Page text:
Don’t let cybercrime shutter your small business
(BPT) - The expanded use of technology offers big benefits for businesses. Without the right safeguards, it also means more vulnerability to cyberattacks.
Often lacking effective technology controls, small businesses are easy targets for hackers. According to a 2021 Verizon report, 46% of cyber breaches affected businesses with less than 1,000 employees. Of the small businesses hacked, 60% were out of business within a year of the event.
'Small businesses have been through a lot in the past few years,' says Aaron Stamm, retail consultant at Acuity Insurance with more than 35 years of experience in a broad range of retail, especially loss prevention. 'To protect their business, it's critical that business owners know the cybercrime risks, how to prevent attacks and how to protect their business in the event of a loss.'
Top cyber-risks for small businesses
Small businesses are especially vulnerable to ransomware attacks. This occurs when information or data is held hostage and a monetary payment is demanded to release it. Multifactor authentication can help to prevent this from happening.
Simple ways to improve cybersecurity
There is no one-size-fits-all solution for cybersecurity. The right fit for you will be unique to your business, data and needs.
But business owners don't have to be computer experts to follow cybersecurity best practices, including:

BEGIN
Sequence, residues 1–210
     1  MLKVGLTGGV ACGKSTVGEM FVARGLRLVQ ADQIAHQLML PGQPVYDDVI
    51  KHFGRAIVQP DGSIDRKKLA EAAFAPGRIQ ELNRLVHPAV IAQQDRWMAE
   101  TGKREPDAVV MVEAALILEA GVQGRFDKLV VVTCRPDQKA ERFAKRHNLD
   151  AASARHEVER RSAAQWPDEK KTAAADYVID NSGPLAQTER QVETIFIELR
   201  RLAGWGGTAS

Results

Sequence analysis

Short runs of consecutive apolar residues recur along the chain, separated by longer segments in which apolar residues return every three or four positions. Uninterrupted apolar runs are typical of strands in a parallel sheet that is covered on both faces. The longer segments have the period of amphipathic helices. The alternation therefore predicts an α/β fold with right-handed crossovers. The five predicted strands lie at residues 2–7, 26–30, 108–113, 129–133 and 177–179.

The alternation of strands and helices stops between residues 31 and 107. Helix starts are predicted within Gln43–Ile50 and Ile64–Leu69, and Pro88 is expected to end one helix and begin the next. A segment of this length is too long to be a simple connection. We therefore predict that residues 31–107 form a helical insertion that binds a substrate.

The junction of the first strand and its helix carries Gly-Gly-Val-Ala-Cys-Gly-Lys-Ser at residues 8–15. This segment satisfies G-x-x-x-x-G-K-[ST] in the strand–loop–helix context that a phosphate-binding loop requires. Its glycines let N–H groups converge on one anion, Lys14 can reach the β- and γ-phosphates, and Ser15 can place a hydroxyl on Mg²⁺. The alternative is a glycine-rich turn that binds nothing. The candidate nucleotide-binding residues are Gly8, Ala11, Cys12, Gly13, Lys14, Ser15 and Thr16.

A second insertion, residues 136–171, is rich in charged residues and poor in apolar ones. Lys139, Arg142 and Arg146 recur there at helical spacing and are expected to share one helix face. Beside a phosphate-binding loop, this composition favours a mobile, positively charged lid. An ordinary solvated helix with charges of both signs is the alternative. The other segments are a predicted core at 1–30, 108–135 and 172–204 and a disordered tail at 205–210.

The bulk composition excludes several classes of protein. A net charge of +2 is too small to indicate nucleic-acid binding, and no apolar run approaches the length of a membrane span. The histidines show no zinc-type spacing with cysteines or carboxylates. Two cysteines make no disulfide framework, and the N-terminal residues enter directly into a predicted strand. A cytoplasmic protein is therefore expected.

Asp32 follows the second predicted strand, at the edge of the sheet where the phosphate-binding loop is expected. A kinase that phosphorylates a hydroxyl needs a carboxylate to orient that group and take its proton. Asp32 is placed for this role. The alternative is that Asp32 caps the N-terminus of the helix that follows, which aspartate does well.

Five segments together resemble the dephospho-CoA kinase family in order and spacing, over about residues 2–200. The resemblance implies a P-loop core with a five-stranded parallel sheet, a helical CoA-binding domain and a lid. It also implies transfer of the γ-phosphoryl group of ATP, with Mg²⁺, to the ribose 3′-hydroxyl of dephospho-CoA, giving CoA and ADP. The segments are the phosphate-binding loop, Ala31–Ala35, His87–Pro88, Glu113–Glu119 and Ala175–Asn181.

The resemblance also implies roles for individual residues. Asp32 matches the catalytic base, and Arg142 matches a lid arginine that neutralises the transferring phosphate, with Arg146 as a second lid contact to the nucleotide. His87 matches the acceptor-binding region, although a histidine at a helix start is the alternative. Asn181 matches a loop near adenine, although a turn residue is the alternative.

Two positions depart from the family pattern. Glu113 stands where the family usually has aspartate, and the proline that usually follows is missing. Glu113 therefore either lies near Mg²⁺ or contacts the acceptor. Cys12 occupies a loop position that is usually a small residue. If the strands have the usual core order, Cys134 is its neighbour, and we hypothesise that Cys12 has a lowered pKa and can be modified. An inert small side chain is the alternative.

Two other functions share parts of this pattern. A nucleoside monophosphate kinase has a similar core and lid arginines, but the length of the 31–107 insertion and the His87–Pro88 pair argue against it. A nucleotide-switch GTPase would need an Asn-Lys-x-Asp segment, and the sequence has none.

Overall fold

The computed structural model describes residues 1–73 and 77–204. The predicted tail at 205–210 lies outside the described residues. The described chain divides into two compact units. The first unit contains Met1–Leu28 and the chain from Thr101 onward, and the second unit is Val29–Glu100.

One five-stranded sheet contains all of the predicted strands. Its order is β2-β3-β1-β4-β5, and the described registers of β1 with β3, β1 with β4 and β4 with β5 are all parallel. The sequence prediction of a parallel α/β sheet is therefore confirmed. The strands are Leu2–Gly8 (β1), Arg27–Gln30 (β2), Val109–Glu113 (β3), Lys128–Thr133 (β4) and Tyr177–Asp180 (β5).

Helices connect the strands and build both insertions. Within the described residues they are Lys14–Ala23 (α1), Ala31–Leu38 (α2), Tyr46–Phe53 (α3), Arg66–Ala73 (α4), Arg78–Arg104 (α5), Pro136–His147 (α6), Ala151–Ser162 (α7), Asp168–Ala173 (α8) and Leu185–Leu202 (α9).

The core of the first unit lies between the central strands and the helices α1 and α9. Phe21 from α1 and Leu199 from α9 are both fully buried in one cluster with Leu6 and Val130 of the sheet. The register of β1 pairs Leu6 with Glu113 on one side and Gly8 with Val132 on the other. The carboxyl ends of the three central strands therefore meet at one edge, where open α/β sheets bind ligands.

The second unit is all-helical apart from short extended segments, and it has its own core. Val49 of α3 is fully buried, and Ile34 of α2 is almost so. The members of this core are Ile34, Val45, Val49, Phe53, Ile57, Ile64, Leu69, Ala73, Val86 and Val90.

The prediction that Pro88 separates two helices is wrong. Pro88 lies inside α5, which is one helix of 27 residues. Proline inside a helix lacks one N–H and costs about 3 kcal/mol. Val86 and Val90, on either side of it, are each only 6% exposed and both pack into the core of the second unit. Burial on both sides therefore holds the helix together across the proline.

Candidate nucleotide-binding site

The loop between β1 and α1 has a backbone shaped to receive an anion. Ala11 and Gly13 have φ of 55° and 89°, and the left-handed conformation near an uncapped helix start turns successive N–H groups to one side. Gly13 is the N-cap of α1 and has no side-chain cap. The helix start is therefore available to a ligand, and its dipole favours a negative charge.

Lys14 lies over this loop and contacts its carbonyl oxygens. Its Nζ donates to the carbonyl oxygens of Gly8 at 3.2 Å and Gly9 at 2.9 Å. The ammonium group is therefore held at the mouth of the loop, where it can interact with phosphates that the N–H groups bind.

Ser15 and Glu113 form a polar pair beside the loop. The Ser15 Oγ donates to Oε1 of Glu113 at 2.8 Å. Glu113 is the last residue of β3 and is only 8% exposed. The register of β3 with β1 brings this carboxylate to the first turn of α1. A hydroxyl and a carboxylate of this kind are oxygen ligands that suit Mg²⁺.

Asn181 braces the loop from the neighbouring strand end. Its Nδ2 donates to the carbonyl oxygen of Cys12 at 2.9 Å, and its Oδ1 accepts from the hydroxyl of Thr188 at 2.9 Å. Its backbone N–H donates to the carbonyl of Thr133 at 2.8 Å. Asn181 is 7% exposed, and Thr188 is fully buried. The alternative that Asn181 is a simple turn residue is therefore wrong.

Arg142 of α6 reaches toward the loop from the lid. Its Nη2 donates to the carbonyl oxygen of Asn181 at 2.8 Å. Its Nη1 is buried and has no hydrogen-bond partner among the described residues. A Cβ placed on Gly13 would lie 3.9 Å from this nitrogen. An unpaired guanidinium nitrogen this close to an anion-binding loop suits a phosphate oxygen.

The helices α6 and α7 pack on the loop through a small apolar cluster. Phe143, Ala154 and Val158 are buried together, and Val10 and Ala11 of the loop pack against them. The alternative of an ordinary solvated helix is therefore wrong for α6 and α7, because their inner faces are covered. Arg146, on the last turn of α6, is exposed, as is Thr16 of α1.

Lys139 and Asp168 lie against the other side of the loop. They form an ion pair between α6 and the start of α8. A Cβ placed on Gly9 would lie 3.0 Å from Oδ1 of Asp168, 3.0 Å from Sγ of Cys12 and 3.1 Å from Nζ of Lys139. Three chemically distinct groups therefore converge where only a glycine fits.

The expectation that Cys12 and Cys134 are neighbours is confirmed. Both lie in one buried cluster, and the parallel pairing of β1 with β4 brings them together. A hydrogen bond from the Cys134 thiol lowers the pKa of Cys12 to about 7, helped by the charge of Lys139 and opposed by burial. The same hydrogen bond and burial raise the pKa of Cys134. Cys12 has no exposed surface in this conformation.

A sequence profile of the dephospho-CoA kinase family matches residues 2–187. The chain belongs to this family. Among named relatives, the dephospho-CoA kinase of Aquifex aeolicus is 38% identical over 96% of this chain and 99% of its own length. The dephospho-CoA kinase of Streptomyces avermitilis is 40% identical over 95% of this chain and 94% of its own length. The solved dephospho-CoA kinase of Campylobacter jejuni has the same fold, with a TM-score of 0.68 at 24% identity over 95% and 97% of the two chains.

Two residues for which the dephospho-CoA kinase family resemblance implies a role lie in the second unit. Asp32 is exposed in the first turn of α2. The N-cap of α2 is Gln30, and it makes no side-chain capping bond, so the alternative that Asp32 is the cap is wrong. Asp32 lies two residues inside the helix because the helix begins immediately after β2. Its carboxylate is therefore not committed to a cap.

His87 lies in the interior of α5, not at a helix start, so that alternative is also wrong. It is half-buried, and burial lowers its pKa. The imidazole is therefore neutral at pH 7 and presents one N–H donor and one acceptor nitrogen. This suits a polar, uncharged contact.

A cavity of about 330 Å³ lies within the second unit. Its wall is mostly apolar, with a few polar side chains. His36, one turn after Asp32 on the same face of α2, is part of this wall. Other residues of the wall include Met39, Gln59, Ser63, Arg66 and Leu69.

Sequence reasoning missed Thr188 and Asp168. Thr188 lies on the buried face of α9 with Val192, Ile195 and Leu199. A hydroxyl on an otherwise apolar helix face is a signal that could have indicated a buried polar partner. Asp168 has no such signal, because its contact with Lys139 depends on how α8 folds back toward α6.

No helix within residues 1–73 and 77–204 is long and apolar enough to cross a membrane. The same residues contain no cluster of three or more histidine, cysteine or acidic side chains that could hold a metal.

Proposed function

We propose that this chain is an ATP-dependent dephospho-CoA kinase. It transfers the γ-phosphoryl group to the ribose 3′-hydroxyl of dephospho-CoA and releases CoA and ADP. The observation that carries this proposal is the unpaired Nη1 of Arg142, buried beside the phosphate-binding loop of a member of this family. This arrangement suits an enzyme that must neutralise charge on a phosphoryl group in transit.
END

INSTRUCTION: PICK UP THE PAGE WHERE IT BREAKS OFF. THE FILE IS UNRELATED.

- Updating and patching your systems. Software providers are constantly looking for vulnerabilities in their products and send 'patches' to fix any issues they find. Until you make these updates on your system, your data is at risk. Turn on auto-updates to ensure your system is up to date.
- Using secure passwords and multifactor authentication. People are a major vulnerability. Teach everyone in your organization about password best practices and use multifactor authentication wherever you can.
- Backing up your data outside of your current network. If a cybercriminal accesses your network, they can take it hostage and keep you out of your systems. If you have your data backed up elsewhere, you can minimize the damage, avoid a costly ransomware payout and get back to work.
How businesses can protect themselves from cybercrime
Even the most comprehensive prevention plans can be thwarted. Cyber insurance should be part of the risk management strategy of every small business. Though it doesn't prevent cybercrime, cyber insurance can help a business get back on its feet if a loss occurs.
Cyber insurance varies widely and can include both first-party coverage, which pays the business in case of a cyber loss, and third-party coverage, which provides protection in the event a suit is brought against the business, following a cyberattack. Some insurers also bundle first- and third-party coverages like Acuity's Cyber Suite, which is designed to help businesses respond to a range of cyber incidents.
'No matter your business's size or scope, it's not immune to cyberattacks. Work with an independent insurance agent who can help you select the right coverage for your business,' Stamm said.